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How should Republicans game plan Obama’s plan B?

So now, with his approval rating tumbling, President Obama suddenly wants to “engage with the Republicans,” or at least with selected Republican Senators, with the goal of striking a deal on budgetary/debt issues. How should Republicans react?

Anticipating this scenario, I have expressed my view. Most recently, in early February, I wrote:

[I]n the unlikely event that Obama shows a willingness to discuss entitlement reform in a serious way, Republicans should entertain a “grand bargain.” Otherwise, they should take the spending cuts that Obama graciously handed them, and save entitlement reform for the next time they can exert pressure on the White House.

I love cutting spending, whether through the sequester or otherwise. But we must recognize that the debt crisis cannot be solved without entitlement reform.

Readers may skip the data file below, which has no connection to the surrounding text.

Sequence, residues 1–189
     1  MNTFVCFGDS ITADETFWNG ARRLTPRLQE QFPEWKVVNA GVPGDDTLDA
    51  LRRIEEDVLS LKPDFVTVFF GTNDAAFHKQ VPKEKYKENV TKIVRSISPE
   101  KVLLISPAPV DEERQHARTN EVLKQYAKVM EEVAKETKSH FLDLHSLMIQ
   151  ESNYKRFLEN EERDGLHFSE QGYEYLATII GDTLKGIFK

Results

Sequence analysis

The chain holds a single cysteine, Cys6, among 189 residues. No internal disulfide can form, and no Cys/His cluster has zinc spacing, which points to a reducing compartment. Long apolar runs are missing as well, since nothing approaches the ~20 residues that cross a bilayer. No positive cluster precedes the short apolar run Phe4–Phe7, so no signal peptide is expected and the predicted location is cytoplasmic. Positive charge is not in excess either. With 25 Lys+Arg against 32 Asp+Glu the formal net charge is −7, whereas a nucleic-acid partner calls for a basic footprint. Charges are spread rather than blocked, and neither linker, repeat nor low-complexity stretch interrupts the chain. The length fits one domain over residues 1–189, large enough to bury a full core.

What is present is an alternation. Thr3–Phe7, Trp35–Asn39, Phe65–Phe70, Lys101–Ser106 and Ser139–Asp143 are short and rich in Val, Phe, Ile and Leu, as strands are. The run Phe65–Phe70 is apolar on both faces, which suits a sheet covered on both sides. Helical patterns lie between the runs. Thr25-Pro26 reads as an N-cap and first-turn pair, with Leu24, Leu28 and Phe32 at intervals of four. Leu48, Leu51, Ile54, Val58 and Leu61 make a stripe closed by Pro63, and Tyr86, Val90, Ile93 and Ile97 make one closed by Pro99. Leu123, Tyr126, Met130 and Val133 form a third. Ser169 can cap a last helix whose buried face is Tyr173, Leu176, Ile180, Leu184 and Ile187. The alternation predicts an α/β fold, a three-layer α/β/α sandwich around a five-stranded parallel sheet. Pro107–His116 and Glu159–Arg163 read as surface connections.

That’s why Republicans should be open to a grand bargain that modifies the sequester but deals seriously with entitlements. Such a bargain would also involve changes to the tax code that reduce the ability of those with high incomes to take advantage of certain deductions. Mitt Romney proposed such changes during the campaign and Speaker Boehner put them on the table during the “fiscal cliff” negotiations.

The catch, of course, resides in the reality that Obama almost certainly is not willing to discuss entitlement reform in a serious way. He never has been and, in all likelihood, he never will be. Cutting entitlements in a meaningful way is not the change this tranformative president has in mind.

But I see no harm in sounding him out on the subject. If nothing else, selected Republicans can watch Obama squirm a little bit.

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